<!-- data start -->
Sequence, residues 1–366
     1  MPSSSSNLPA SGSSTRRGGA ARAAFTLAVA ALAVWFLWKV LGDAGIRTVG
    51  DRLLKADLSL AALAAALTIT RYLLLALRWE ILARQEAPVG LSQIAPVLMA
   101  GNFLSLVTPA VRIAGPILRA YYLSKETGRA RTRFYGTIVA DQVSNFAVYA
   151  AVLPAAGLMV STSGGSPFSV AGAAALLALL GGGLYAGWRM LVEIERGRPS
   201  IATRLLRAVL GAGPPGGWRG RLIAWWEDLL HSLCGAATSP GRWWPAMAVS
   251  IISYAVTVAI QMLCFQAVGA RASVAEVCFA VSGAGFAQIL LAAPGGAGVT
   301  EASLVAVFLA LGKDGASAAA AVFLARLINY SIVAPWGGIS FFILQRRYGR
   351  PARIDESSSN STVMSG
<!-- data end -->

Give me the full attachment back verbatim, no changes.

Sequence, residues 1–366
     1  MPSSSSNLPA SGSSTRRGGA ARAAFTLAVA ALAVWFLWKV LGDAGIRTVG
    51  DRLLKADLSL AALAAALTIT RYLLLALRWE ILARQEAPVG LSQIAPVLMA
   101  GNFLSLVTPA VRIAGPILRA YYLSKETGRA RTRFYGTIVA DQVSNFAVYA
   151  AVLPAAGLMV STSGGSPFSV AGAAALLALL GGGLYAGWRM LVEIERGRPS
   201  IATRLLRAVL GAGPPGGWRG RLIAWWEDLL HSLCGAATSP GRWWPAMAVS
   251  IISYAVTVAI QMLCFQAVGA RASVAEVCFA VSGAGFAQIL LAAPGGAGVT
   301  EASLVAVFLA LGKDGASAAA AVFLARLINY SIVAPWGGIS FFILQRRYGR
   351  PARIDESSSN STVMSG